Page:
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In the Canon EF 25-105mm f/4 L USM IS lens specs, it says that the lens coating is "Super Spectra Coating". What is the Super Spectra Coating and how it differs from other types of coating?

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Super spectra is the same as "Double whammy super bling extended +++ coating" - ie it is a marketing name that by itself may or may not have some meaning. Canon say: "Canon's multi layer Super Spectra coating allows up to 99.9% of light through to the CMOS sensor, over a range that extends from ultra violet to near-infrared light. As well as minimising ghosting and flare, Super Spectra Coating ensures a consistent colour balance across all EF lenses and plays a key part in delivering the sharp, high-contrast results that Canon lenses are renowned for." –  Russell McMahon Jun 4 '12 at 2:53
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ie it means "We use a coating that we have developed that does what we need a coating to do. It works better than the old stuff we used to use. Don't ask." –  Russell McMahon Jun 4 '12 at 2:55

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Super Spectra Coating is Canon's form of "multi-layered anti-reflective lens coating". Every brand usually names their key features, processes, and functions...such as lens coatings. Super Spectra is Canon's...and these days, its actually the legacy form of lens coating. On all new lenses released within the last few years, Canon uses SWC, or SubWavelength Coating...a form of nanotech coating that is far superior to any other prior form of anti-reflective coating used by any manufacturer (except Nikon, who uses something similar they have dubbed Nano Crystal Coat.)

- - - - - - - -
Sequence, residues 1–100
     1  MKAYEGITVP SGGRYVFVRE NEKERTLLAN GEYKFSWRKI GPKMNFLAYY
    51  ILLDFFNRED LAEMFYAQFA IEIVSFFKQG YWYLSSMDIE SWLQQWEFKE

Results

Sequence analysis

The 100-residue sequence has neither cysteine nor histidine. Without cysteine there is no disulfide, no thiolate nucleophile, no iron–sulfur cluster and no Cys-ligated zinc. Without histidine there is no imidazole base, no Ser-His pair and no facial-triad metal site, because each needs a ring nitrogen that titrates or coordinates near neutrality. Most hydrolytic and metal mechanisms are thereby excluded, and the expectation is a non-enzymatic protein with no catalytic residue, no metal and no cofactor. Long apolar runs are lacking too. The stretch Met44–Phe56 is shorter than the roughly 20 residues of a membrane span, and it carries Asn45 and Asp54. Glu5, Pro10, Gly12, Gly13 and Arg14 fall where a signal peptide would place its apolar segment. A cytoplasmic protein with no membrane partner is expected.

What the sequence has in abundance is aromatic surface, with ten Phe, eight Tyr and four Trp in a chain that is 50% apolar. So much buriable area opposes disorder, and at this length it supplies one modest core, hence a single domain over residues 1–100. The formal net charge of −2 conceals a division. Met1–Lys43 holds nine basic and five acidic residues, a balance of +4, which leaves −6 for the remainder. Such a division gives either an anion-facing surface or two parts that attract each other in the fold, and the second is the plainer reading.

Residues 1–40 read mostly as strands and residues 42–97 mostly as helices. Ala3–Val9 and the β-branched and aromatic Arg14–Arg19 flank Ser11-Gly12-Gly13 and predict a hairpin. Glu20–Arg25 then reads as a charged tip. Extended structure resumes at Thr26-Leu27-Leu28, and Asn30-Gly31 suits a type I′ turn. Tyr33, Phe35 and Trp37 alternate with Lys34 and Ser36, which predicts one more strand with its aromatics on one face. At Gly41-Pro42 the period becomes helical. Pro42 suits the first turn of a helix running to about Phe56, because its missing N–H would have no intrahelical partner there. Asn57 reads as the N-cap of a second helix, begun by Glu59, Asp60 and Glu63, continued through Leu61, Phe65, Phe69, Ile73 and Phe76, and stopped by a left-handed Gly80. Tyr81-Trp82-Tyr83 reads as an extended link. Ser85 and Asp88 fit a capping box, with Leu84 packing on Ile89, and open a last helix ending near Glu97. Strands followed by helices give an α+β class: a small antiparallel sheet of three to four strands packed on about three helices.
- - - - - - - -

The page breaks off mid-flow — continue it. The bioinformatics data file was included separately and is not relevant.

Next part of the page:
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All anti-reflective coatings are technically sub-wavelength in thickness. That's why they work. As such, the whole thing is basically devoid of any real meaning. –  Fake Name Jun 4 '12 at 8:19
    
@FakeName: True, however multicoating works because each coating is a very specific thickness that is capable of canceling out reflected light. SWC is entirely different and functions in a completely different way...the aim is to avoid reflection entirely, and guide as much light through the coating layer into the lens as possible. SWC coating is much thinner than layered coatings, and is not really layered at all. See my answer on Nanocoating for more details about the differences between multicoating and nanocoating. –  jrista Jun 4 '12 at 17:13

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